The DA on the other hand, for lack of a better characterisation, is extremely shapeless. Having grown to the maximum possible support base from white voters, it has began to speak in a forked tongue on race issues. If it supports BEE and Affirmative Action to gain black voters, it risks losing its white voters. If it opposes BEE and Affirmative Action to retain white voters, it risks losing the majority of black voters, the exception being a few blacks who think their success is purely on merit and has nothing to do with the fall of Apartheid.

Parading a black leader has not helped the DA because he did not get a clear policy on where the party stands on race. Beyond race, the DA is an ultra-right party that advocates free market fundamentalism. A perfect round hole.

In its 2014 Elections Manifesto[6], the EFF wants labour brokers banned, in its 5-Point Jobs Plan[7] the DA wants a growth of the labour broker market or casualised workers. The EFF has strong support of workers’ rights, the DA wants workers’ rights to be relaxed to make hiring and firing easier. The EFF wants a national minimum wage, the DA settles for sectoral determinations. The EFF opposes the Youth Wage Subsidy, the DA advocates for a variant of it.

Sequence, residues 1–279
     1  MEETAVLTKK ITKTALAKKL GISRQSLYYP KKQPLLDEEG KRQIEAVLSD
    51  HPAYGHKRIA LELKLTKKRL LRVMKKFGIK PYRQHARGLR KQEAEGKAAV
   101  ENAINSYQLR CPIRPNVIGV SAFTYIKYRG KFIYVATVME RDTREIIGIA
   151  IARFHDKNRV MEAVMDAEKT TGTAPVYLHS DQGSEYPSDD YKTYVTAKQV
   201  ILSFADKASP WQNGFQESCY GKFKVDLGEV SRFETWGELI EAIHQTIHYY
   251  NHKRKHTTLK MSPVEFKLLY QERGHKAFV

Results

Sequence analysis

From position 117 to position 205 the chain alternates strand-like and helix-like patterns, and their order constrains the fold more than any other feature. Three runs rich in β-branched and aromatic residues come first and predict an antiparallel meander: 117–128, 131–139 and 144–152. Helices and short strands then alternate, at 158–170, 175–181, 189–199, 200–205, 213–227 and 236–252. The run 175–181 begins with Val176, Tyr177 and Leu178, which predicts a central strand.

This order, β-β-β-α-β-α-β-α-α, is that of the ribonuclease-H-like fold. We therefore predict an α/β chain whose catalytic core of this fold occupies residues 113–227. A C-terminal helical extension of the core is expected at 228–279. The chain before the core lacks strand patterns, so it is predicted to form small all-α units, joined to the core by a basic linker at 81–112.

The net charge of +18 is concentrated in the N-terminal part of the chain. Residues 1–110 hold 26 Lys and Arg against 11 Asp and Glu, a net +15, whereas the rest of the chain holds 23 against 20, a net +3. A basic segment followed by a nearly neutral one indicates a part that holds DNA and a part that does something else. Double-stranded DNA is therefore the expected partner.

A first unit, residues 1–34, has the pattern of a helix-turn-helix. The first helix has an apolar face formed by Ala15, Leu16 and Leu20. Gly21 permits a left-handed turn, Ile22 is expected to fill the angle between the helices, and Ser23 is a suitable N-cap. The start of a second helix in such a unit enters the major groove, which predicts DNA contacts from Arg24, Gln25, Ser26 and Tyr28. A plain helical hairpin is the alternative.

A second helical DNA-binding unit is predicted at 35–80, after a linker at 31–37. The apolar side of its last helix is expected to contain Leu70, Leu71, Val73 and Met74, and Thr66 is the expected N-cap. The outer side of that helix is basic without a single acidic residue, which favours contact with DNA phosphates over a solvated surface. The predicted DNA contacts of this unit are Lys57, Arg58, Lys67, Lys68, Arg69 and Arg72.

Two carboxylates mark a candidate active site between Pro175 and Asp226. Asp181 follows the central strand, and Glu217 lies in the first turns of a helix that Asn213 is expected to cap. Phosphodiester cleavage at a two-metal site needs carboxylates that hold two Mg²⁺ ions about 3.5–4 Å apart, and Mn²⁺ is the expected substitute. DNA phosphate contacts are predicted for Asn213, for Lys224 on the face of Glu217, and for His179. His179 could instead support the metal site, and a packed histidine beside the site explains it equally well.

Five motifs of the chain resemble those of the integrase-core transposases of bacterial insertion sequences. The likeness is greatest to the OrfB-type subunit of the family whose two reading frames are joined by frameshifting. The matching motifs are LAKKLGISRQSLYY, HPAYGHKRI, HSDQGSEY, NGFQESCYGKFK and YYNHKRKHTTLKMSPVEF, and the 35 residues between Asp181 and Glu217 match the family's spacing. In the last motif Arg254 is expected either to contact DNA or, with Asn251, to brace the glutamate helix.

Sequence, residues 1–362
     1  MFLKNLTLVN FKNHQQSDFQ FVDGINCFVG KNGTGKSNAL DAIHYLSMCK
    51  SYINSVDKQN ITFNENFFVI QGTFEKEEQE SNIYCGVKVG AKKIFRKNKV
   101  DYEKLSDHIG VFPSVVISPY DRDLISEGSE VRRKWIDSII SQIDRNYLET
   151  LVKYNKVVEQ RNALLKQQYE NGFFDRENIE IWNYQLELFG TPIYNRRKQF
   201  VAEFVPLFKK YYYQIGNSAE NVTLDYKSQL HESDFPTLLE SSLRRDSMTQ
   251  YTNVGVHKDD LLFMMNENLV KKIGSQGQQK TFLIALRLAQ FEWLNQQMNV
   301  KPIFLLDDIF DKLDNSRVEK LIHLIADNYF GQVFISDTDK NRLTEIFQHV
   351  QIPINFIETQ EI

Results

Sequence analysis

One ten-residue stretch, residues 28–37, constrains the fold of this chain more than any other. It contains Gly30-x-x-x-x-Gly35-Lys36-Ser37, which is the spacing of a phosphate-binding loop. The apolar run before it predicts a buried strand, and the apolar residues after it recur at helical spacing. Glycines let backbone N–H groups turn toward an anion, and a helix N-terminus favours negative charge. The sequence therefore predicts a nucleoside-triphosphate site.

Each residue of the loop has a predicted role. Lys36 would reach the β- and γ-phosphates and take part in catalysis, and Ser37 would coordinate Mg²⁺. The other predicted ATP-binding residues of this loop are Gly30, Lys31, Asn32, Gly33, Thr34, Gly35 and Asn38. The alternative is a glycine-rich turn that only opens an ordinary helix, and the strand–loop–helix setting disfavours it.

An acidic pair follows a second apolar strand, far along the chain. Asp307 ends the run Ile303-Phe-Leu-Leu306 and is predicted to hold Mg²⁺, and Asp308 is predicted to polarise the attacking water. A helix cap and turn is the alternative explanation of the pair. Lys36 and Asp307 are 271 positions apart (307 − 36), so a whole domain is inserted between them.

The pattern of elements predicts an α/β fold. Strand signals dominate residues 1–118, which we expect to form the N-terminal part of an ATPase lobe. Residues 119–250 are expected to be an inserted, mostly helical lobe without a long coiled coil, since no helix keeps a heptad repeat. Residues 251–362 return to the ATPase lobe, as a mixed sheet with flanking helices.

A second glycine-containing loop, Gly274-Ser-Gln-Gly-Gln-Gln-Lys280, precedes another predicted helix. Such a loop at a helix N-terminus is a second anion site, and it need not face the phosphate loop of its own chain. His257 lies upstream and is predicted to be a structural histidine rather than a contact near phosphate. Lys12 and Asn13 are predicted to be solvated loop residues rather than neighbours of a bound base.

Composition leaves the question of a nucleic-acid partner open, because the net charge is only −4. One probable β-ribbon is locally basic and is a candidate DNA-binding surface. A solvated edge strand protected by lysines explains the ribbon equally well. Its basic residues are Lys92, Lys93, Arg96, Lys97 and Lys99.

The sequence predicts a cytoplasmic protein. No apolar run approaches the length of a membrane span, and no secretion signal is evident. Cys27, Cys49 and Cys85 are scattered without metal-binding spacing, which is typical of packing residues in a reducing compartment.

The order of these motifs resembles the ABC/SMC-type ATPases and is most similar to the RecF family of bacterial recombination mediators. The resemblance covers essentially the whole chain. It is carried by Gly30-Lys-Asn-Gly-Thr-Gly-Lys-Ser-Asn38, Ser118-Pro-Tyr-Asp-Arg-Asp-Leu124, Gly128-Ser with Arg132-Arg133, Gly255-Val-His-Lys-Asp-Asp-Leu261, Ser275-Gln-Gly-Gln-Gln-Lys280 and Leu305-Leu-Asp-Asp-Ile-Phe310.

The DA’s 5-Point Jobs Plan is an embarrassment to put it mildly. No self-respecting individual should knowingly associate themselves with that level of hollowness and mediocrity. Yet it is their only semblance of what could be called a policy, when clutching at straws. It is like someone googled what is already happening is certain aspects of the economy and added a proposition that the DA will do it better, without substantiating how. Other parts read like someone googled what SA white big business usually whine about and added a proposition that the DA will solve those problems without elaborating how.